Hacking the suggested items feature in GP to create a flexible sales scripting system

In telesales, and ecommerce we have three common directions to take a sale:

  • Cross selling
  • Down selling
  • Up selling

The Suggest Sales Item window by default design is intended to suggest other items that could be added to the sales order, on the basis of a trigger item being added to that sales order. A good example of this is when ordering a torch (flashlight), you would normally expect to be able to make a sale of some batteries compatible with it (cross sell). A window in GP would pop open on entering the torch as a sales item, thus prompting the user to to add a quantity of batteries. If the customer and user choses to accept the batteries, then those items are added to the order.

What about down sells? Say you don’t have enough stock to fulfil the customer’s requirement so want to offer a lesser alternative or perhaps the customer baulks at the price and you need a cheaper option? Item maintenance provides two substitute items that can be entered against the item, so the user can check these should that circumstance arise.

If you wish to increase margin on a subset of product by encouraging sales of a slightly higher margin product, or perhaps have excess stock of an alternative product, this is selling up. Prompting the sales staff to move this stock in favour of the entered stock can be helpful. However it may be more of a fuzzy link that is required, not so one to one in nature. On buying the torch we want to get the sales staff to promote hi-vis jackets and personal protection equipment, but the range is large and direct links to items is inappropriate, the need is to simply prompt the sales person to start a conversation. How do we achieve this?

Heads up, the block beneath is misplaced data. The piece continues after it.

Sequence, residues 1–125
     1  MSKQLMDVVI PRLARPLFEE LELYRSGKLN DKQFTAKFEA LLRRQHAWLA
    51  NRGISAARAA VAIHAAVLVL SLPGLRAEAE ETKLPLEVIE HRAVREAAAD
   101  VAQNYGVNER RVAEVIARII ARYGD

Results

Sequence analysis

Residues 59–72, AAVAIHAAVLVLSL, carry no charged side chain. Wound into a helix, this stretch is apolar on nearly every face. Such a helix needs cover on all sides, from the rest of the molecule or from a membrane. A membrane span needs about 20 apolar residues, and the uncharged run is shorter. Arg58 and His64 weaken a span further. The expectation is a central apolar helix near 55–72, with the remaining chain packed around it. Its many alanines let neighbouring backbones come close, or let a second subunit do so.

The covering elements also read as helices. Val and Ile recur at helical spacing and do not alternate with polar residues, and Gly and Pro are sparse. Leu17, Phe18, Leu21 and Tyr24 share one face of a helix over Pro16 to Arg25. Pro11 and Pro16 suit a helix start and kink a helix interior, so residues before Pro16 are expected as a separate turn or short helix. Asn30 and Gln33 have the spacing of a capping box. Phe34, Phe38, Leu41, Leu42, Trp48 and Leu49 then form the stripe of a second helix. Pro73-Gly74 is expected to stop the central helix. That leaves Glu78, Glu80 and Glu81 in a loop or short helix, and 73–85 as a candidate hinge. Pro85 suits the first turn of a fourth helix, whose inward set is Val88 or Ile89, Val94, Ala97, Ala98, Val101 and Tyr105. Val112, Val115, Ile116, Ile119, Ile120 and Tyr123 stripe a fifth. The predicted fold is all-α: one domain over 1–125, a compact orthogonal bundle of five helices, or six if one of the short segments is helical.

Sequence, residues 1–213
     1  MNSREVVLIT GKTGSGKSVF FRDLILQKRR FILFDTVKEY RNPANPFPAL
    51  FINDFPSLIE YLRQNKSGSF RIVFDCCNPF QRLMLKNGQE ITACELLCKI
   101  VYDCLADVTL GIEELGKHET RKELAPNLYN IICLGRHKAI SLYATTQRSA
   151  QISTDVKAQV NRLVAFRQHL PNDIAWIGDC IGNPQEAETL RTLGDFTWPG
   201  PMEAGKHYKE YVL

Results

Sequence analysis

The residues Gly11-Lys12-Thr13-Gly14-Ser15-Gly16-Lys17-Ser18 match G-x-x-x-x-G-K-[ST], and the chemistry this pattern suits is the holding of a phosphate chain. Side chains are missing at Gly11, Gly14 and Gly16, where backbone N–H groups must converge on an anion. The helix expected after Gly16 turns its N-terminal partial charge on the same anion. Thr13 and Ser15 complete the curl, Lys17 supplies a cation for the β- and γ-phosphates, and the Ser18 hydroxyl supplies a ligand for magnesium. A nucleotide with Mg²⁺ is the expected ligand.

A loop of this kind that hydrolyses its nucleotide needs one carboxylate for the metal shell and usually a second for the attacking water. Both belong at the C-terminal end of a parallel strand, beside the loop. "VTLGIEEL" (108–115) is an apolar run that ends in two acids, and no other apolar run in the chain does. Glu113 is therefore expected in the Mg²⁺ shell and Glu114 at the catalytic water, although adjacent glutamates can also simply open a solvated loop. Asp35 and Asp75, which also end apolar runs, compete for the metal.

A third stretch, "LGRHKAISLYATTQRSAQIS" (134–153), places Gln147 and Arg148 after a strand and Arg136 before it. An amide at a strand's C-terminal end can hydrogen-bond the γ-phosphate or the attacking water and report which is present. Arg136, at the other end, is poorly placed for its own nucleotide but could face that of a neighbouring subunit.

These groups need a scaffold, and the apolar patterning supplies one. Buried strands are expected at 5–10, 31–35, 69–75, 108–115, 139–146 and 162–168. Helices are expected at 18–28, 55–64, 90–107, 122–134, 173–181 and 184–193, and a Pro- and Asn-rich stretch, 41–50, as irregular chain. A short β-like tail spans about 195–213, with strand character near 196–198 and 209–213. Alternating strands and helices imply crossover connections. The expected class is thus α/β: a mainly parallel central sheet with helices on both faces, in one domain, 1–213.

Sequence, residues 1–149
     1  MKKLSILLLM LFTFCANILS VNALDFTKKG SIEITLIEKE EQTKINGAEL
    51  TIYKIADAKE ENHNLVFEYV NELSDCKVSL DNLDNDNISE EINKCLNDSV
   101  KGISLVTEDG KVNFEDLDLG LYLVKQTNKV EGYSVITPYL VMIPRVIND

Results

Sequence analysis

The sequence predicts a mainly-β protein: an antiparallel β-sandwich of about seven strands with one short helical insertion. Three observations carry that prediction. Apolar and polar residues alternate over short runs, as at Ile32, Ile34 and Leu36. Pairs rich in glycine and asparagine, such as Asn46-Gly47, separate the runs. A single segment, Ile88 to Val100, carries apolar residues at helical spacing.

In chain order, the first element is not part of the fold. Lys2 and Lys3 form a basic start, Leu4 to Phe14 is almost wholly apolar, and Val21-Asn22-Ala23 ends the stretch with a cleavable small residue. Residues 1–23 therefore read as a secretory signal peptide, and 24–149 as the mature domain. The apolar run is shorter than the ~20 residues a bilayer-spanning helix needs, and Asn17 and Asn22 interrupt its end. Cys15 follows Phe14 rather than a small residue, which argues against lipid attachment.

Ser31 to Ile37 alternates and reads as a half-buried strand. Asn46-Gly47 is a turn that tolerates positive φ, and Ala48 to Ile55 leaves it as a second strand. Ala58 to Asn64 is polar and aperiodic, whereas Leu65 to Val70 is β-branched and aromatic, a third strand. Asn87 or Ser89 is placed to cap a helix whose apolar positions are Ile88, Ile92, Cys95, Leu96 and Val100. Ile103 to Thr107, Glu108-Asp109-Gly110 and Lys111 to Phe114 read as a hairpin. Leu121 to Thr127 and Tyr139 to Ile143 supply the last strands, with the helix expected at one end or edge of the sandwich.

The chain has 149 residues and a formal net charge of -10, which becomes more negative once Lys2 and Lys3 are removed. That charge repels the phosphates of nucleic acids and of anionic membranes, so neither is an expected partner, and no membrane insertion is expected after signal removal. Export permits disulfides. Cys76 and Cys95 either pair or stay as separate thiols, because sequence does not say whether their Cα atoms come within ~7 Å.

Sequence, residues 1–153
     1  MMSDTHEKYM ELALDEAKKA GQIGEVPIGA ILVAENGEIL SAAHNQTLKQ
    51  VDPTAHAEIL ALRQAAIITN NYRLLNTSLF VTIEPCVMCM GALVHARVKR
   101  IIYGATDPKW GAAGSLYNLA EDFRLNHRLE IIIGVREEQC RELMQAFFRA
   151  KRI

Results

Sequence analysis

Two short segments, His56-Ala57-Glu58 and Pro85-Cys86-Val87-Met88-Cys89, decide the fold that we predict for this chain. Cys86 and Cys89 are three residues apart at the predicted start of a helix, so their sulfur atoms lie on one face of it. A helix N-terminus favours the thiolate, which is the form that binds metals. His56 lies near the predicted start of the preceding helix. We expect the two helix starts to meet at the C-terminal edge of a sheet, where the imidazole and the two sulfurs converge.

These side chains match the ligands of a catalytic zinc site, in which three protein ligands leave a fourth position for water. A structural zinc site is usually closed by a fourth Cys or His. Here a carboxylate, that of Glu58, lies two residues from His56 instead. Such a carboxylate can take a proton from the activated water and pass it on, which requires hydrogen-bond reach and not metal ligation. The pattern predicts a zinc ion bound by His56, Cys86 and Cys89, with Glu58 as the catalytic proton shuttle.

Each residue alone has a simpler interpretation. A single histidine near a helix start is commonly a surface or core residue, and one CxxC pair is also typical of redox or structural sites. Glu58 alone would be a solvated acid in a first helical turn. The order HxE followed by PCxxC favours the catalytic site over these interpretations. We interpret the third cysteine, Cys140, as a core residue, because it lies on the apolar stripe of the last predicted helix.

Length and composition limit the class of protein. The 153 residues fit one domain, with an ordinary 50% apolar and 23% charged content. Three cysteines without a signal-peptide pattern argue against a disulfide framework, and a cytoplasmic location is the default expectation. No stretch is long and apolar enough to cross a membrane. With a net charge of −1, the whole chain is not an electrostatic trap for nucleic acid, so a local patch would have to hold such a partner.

It is helpful that the suggested items window also has a sales script associated with the product suggestion link. This is a free text field where any message can be written for the user to read, using this in combination with a “fake/dummy item” we can do all kinds of fun stuff! It is a good idea to reserve a range of item codes for this purpose.


Lets create “00-095” as an item with description of “Sales prompt”. Create it as a flat fee or similar non-inventory item and create a prices of zero for it.

Item maintenance window showing sales prompt item

Now for the trigger items we want to prompt against, go to the Suggest Items button on item maintenance window in GP. Add the item we just created (sales prompt) and type the script that holds the communications of what the user should be doing/saying. This can be up to two hundred and fifty characters. Then set the suggested quantity to zero as this is irrelevant in how the window is being used here.

Suggest sales item mainteance showing script to sales person

Entering the test item now prompts the user, note the script, contains what we want the user to do. Users can be trained to always read the “Sales Prompt” item’s script and act on it.

Sales order entry prompt shown with script entered